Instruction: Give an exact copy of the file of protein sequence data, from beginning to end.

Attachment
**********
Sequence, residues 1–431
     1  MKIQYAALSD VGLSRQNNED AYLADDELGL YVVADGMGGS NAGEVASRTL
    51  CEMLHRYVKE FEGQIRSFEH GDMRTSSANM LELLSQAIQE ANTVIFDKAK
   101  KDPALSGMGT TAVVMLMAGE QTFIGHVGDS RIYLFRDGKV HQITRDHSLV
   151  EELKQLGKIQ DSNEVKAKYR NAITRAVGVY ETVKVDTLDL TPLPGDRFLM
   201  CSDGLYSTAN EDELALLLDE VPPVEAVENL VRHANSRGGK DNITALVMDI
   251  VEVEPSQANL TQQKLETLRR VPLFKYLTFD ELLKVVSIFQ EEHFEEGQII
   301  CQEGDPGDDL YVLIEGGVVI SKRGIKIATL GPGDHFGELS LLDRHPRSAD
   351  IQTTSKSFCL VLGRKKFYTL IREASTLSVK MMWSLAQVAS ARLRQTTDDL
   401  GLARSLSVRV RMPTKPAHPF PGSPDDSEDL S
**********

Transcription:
Sequence, residues 1–431
     1  MKIQYAALSD VGLSRQNNED AYLADDELGL YVVADGMGGS NAGEVASRTL
    51  CEMLHRYVKE FEGQIRSFEH GDMRTSSANM LELLSQAIQE ANTVIFDKAK
   101  KDPALSGMGT TAVVMLMAGE QTFIGHVGDS RIYLFRDGKV HQITRDHSLV
   151  EELKQLGKIQ DSNEVKAKYR NAITRAVGVY ETVKVDTLDL TPLPGDRFLM
   201  CSDGLYSTAN EDELALLLDE VPPVEAVENL VRHANSRGGK DNITALVMDI
   251  VEVEPSQANL TQQKLETLRR VPLFKYLTFD ELLKVVSIFQ EEHFEEGQII
   301  CQEGDPGDDL YVLIEGGVVI SKRGIKIATL GPGDHFGELS LLDRHPRSAD
   351  IQTTSKSFCL VLGRKKFYTL IREASTLSVK MMWSLAQVAS ARLRQTTDDL
   401  GLARSLSVRV RMPTKPAHPF PGSPDDSEDL S